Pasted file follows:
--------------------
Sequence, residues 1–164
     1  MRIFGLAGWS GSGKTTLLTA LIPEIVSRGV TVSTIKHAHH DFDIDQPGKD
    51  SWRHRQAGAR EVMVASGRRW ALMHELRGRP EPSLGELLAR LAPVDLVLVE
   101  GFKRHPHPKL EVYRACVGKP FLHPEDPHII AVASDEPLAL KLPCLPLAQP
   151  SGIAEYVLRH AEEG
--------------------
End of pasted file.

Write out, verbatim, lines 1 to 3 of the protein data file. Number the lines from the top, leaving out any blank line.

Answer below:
Sequence, residues 1–164
     1  MRIFGLAGWS GSGKTTLLTA LIPEIVSRGV TVSTIKHAHH DFDIDQPGKD
    51  SWRHRQAGAR EVMVASGRRW ALMHELRGRP EPSLGELLAR LAPVDLVLVE